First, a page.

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Presented to
Centre for Management Studies, Jain University

International Conference on
April 2015

R M Sudhakar
(Research Scholar Jain University, Aug 2012 Batch)
Director & CEO, Netsoft Group,
No. 2453, 9 Main, 17 E Cross, BSK 2 Stage, Bengaluru 560 070
Email:, Ph: +91 9886795676
Dr. Y Vijayakumar
(PRINCIPAL, Shirdi Sai Engineering College, Bengaluru)

Information Technology and MSMEs Driving Indias growth ahead

RM Sudhakar, Research Scholar Jain University, Director & CEO, Netsoft Group,
Dr. Y Vijayakumar, Professor & PRINCIPAL, Shirdi Sai Engineering College, Anekal, Bengaluru


Micro, Small and Medium Enterprises (MSME) sector has emerged as a highly vibrant and
dynamic sector of the Indian economy over the last five decades. There are some very interesting
facts about MSMEs on the Government of Indias MSME website. It states that MSME contribute
nearly 8 percent of the countrys GDP, 45 percent of the manufacturing output and 40
percent of the exports. They provide the largest share of employment after agriculture. They are
the nurseries for entrepreneurship and innovation and widely dispersed across the country and
produce a diverse range of products and services to meet the needs of the local markets, the global
market and the national and international value chains. There are lot of schemes and programs by
the government for these MSMEs.

There are about 46 million MSME units across the country employing about 106 million people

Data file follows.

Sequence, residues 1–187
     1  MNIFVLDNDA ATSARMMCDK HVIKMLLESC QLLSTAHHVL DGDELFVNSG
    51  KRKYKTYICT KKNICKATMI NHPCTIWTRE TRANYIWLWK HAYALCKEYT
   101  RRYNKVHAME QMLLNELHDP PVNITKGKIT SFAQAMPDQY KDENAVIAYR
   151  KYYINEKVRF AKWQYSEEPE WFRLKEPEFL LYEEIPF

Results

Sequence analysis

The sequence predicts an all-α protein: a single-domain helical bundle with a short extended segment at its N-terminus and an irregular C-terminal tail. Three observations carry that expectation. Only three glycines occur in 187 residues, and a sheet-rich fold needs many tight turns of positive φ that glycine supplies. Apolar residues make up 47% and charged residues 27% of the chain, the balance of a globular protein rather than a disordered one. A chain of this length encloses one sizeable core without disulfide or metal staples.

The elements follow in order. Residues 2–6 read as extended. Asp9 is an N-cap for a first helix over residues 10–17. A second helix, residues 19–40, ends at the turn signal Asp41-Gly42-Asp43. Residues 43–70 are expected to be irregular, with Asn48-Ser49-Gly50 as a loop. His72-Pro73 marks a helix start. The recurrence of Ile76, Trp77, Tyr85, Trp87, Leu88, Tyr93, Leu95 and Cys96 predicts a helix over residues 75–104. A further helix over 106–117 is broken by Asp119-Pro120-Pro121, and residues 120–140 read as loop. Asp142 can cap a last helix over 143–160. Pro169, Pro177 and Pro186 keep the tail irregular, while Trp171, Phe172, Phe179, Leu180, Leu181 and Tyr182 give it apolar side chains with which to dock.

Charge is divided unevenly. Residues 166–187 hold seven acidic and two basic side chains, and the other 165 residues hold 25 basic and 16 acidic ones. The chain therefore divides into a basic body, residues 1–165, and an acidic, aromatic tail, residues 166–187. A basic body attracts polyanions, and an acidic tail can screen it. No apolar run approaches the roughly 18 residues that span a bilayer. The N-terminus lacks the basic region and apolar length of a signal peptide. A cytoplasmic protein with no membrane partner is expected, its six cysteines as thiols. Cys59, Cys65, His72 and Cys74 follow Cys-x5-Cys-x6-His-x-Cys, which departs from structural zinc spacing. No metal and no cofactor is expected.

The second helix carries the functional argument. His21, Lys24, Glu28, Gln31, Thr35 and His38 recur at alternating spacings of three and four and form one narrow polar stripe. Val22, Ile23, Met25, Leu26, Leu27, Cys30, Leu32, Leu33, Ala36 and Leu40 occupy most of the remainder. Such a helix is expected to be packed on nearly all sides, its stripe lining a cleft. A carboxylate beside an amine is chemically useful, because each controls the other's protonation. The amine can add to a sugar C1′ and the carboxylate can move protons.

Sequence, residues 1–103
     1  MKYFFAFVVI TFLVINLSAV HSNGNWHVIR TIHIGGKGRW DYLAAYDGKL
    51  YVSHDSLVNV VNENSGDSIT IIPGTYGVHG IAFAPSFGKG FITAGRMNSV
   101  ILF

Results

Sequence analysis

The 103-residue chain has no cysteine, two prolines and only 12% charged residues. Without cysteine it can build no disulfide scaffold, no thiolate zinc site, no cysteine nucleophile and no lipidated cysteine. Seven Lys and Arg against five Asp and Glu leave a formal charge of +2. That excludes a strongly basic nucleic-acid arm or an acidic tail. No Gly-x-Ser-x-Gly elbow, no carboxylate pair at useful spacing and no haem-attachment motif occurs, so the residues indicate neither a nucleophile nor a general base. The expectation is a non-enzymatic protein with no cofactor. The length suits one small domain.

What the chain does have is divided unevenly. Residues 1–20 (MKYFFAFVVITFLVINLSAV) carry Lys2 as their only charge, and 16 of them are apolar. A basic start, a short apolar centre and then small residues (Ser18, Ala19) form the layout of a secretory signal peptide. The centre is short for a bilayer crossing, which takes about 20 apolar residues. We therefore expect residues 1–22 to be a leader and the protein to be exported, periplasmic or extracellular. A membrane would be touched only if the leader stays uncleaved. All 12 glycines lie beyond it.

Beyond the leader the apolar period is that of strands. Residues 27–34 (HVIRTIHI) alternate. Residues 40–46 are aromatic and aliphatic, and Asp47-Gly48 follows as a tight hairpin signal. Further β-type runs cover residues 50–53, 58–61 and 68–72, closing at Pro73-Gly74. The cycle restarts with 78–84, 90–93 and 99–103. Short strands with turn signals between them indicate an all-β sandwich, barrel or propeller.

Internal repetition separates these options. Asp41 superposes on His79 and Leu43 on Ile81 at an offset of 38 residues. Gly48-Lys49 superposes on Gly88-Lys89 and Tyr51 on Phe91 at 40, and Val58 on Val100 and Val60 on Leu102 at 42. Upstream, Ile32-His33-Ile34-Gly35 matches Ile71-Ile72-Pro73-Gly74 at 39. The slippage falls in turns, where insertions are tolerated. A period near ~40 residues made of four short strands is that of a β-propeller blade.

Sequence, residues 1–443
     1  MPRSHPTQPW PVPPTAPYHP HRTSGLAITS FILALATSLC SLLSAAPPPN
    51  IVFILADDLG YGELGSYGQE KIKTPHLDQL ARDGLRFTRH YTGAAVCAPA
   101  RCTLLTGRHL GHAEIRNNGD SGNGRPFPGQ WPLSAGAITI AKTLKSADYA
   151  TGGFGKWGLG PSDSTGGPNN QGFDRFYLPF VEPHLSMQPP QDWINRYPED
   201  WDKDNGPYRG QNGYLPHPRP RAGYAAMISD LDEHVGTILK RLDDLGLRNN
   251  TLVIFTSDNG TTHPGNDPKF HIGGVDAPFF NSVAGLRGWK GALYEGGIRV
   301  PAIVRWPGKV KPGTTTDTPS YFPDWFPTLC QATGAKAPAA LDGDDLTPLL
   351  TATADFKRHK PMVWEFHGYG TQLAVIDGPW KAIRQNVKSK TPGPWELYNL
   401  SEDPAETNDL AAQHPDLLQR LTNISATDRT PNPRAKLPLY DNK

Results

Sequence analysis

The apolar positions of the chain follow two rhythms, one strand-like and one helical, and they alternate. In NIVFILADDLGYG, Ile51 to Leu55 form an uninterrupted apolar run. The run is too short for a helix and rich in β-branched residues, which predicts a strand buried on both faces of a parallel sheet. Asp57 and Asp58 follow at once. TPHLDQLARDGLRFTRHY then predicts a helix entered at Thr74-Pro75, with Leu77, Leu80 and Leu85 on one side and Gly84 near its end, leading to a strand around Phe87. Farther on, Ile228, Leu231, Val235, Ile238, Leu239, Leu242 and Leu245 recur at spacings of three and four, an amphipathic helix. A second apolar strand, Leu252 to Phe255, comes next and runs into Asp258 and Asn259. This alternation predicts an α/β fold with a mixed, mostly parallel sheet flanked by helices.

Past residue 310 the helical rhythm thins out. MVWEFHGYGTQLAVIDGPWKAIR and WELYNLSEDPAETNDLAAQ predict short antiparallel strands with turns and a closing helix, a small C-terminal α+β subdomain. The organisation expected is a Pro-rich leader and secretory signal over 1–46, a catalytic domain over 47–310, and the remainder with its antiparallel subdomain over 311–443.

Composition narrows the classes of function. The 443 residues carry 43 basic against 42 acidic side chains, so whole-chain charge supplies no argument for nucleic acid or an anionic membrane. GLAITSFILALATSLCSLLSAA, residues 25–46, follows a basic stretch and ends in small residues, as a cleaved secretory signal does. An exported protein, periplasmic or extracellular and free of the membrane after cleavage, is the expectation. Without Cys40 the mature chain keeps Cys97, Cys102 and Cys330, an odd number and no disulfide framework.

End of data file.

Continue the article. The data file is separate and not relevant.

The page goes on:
and they play a pivotal role in growth of India's economy evidently as they contribute about 45 per
cent of industrial output, about 40 per cent of exports, create over one million jobs annually and
produce over 8,000 varied quality products. Absence of adequate and timely banking finance,
poor infrastructure facilities, limited capital and knowledge, use of primitive technology, low
production capacities, ineffective marketing strategies, dearth of skilled labour, taxes and
regulations are certain major hurdles being faced by the MSME sector and their removal is
imperative for developing a smooth business environment in India.

Micro, small and medium enterprises as per MSMED Act, 2006 are defined based on their
investment in plant and machinery (for manufacturing enterprise) and on equipment for enterprises
providing or rendering services. The present ceilings on investment for enterprises to be classified
as micro, small and medium enterprises are as follows:


Manufacturing Enterprises (In

Service Enterprises (In




< Rs. 25 lakh

< Rs. 10 lakh